$?refers to a condition, not a command. Assign to a variable to avoid it being overwritten.
mycommand if [ $? -ne 0 ] && [ $? -ne 14 ] then echo "Command failed" fi
mycommand [ $? -gt 0 ] && exit $?
mycommand ret=$? if [ $ret -ne 0 ] && [ $ret -ne 14 ] then echo "Command failed" fi
mycommand || exit $?
ShellCheck found a
$? that always refers to a condition like
[ .. ],
[[ .. ]], or
This most commonly happens when trying to inspect
$? before doing something with it, such as inspecting it again or exiting with it, without realizing that any such inspection will also overwrite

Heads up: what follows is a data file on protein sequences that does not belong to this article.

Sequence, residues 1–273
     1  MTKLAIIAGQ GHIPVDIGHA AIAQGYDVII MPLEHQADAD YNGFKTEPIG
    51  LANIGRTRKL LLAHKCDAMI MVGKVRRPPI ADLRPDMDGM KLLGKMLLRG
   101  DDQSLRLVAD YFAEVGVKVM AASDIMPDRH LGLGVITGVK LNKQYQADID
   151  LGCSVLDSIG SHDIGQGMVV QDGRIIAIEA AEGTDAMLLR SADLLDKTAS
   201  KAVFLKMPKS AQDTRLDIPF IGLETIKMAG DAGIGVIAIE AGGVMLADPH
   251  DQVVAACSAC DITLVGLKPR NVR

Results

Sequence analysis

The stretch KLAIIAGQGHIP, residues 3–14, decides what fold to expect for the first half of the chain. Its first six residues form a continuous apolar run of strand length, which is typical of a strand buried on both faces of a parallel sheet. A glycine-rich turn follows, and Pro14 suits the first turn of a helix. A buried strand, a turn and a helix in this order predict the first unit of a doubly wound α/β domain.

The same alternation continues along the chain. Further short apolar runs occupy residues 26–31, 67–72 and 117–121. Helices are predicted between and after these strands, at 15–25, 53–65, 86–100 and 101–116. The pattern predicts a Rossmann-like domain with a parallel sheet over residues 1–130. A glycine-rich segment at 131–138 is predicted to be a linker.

In the first problematic example,
[ $? -ne 14 ] will never be true because it only runs after
[ $? -ne 0 ] has modified $? to be 0. The solution is to assign
mycommand to a variable so that the variable can be inspected repeatedly.
In the second problematic example,
exit $? will always
exit 0, because it only runs if
[ $? -gt 0 ] returns success and sets
$? to 0. The solution could again be to assign
$? to a variable first, or (as shown) use
mycommand || exit $? as there is no condition to overwrite
None. Note that ShellCheck does not warn if the usage of
[ .. ] is unconditional, as in
[ -d dir ]; return $?.
ShellCheck is a static analysis tool for shell scripts. This page is part of its documentation.